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9 Mar 2005 : Column 1820W—continued

Military Abuse (Iraq)

Tom Cox: To ask the Secretary of State for Defence what pension rights the three men recently convicted of abuse of Iraqi civilians will have; and if he will make a statement. [219795]

Mr. Caplin: The Armed Forces Pension Scheme has a provision to reduce the award of pension benefits in exceptional cases of severe misconduct. However, in common with other contracted out occupational pension schemes within the public sector, the Scheme will be obliged to award pensions at least equivalent to the minimum amount they would be entitled to if they had contributed to, and subsequently received benefits under the State Earnings Related Pension Scheme.

Personal data such as an individual's pension entitlement is a matter between employer and employee.


Mr. Hoyle: To ask the Secretary of State for Defence what the (a) trained strength and (b) establishment is of each of the parachute regiments. [219050]

Mr. Caplin: The information requested is shown in the table.
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Strength and establishment of the Three Battalions of the Parachute Regiment as at 1 January 2005

1st Battalion the Parachute Regiment570580
2nd Battalion the Parachute Regiment540580
3rd Battalion the Parachute Regiment530580

1. The figures quoted are as at 1 January 2005 and are for UK Regular Trained Army Officers and Soldiers only and therefore exclude TA, Mobilised Reserves, Full-Time Reserve Service, Gurkhas and Home Service Battalions of the Royal Irish Regiment.
2. The Establishment figures include only the infantry posts and exclude attached personnel of other Arms and Services such as chefs, clerks etc.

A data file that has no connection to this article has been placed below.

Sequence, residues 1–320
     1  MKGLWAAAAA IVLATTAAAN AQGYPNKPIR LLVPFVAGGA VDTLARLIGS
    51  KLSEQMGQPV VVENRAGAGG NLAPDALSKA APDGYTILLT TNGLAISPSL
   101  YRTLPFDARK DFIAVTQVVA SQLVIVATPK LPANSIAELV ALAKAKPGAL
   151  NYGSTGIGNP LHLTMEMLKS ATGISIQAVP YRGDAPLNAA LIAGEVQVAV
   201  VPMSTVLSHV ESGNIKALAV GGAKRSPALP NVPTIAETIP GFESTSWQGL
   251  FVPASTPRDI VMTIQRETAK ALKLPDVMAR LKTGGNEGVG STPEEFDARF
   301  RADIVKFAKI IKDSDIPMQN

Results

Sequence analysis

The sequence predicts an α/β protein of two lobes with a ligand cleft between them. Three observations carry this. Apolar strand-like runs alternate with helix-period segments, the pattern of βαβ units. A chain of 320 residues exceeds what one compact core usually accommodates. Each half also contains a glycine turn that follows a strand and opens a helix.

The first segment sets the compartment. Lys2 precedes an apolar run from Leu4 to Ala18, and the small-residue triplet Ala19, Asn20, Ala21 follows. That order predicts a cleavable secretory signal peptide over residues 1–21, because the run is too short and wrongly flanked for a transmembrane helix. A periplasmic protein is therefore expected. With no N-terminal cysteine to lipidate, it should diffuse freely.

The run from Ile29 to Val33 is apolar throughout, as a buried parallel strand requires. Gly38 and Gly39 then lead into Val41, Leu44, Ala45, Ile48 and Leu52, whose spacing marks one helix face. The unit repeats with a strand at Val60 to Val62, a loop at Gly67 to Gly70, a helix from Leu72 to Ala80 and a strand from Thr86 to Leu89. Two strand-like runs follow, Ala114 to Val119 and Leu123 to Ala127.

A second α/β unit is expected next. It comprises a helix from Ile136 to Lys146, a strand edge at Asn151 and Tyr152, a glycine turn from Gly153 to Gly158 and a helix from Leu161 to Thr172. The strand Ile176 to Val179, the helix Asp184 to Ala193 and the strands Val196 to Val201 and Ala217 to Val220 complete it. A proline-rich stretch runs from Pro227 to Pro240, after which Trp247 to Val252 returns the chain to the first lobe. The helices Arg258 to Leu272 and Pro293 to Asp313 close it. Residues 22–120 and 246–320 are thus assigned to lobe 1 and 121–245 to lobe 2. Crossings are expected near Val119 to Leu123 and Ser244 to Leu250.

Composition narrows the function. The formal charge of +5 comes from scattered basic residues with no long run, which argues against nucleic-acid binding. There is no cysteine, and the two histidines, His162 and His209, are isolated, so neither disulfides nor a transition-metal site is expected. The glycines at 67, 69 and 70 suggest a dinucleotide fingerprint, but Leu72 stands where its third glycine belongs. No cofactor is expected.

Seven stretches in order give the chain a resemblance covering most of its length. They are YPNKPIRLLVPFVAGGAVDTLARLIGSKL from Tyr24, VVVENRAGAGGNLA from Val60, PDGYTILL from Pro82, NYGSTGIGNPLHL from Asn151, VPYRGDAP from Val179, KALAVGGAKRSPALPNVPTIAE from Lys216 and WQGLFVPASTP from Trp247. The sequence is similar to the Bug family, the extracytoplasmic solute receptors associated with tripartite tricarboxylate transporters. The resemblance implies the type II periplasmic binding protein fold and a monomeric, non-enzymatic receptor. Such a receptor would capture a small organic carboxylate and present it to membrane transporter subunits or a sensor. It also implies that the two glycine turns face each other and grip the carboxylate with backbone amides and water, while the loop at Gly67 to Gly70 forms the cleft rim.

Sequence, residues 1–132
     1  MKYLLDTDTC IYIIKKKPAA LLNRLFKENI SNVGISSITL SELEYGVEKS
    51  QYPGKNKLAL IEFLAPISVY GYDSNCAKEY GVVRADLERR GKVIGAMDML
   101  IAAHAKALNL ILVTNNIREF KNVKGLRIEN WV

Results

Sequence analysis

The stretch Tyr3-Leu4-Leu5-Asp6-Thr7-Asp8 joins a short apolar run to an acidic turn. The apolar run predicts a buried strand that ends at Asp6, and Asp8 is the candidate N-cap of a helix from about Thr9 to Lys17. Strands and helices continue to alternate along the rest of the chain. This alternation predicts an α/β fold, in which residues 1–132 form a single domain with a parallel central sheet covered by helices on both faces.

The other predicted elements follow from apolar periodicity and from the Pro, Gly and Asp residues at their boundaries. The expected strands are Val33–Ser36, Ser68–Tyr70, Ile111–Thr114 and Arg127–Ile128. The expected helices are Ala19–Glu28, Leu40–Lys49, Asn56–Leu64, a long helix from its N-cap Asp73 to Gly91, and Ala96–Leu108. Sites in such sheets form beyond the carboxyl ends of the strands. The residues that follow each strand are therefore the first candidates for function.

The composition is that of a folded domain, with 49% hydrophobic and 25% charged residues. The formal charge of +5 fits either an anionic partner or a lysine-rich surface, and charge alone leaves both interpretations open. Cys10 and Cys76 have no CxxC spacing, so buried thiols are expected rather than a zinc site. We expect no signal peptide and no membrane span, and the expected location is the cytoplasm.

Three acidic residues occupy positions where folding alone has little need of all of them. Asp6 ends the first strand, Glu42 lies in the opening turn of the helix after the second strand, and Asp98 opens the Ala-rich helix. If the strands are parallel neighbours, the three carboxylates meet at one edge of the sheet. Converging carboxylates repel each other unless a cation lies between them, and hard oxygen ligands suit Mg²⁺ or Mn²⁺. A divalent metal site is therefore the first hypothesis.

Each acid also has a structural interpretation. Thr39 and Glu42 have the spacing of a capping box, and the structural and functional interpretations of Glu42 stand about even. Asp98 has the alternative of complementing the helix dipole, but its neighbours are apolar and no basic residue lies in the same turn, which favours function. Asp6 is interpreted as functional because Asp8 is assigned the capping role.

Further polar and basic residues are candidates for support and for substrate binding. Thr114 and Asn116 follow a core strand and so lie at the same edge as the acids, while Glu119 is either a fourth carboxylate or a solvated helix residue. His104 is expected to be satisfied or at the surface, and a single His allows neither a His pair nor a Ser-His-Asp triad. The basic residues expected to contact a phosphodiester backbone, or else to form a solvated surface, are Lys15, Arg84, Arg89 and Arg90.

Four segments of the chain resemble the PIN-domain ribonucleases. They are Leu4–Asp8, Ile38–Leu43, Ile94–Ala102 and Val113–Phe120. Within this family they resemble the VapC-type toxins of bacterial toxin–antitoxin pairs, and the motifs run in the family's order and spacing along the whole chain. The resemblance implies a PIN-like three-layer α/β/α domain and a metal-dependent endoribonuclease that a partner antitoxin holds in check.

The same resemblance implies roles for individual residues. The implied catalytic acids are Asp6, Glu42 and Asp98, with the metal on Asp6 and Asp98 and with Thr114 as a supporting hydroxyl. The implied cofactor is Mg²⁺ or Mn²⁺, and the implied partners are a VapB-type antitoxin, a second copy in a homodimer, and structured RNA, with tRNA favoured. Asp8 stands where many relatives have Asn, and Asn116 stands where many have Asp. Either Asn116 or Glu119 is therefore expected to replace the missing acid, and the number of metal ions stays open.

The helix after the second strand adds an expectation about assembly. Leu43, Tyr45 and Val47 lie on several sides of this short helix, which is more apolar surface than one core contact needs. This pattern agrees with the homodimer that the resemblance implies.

3. The strength figures do not include officers and soldiers in the Parachute Regiment serving outside the battalion, or personnel from other cap badges attached to the battalion. The officer element excludes personnel with the rank of colonel and above.
4. We cannot be precise about the strength in each battalion as the means by which these data are collected does not allow for separate attribution. The split is derived from an estimate based on the strength by Unit Identity Number.
5. All figures have been rounded to the nearest 5.


Mr. Rosindell: To ask the Secretary of State for Defence what the male to female ratio is in the Royal Air Force. [212361]

Mr. Caplin: At 1 January 2005, the ratio of male to female personnel was 7.3:1, as 12 per cent. of the total strength was female.

Figures on strength by gender are published monthly in Tri-Service Publication (TSP) 1 Strength, Intake and Outflow of UK Regular Forces".

Mr. Rosindell: To ask the Secretary of State for Defence how many new recruits to the Royal Air Force there have been per year on average over the past five years. [212362]

Mr. Caplin: The intake from civil life to the regular RAF for the past five years is as follows:
Annual average3,750

1. Figures show all intake to UK Regular Forces including re-enlistments and rejoined Reservists.
2. Figures are for UK Regular Forces (including both trained and untrained personnel) and therefore exclude Full-Time Reserve Service personnel and mobilised Reservists.
3. All figures are rounded to the nearest 10.

Mr. Rosindell: To ask the Secretary of State for Defence whether the Royal Air Force's recruitment targets were met in the financial year 2003–04. [212366]

Mr. Caplin: No. The table shows that against the set targets, 93 per cent. of officers and non-commissioned aircrew and 89 per cent. of other ranks were recruited and entered training.
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TargetNumbers entering training
Officers and non-commissioned aircrew564524
Other ranks4,0253,581

Mr. Rosindell: To ask the Secretary of State for Defence what plans he has for recruitment to the Royal Air Force. [212380]

Mr. Caplin: Recruiting will continue to ensure the future Royal Air Force has the correct balance of skills and experience. However, the Service is reducing its recruitment targets by some 4,000 (to around 6,000 in total) over the next three financial years as part of the RAF manpower drawdown, announced by my right hon. Friend, the Minister for the Armed Forces on 9 December 2004, Official Report, column 103WS, in order to minimise redundancies.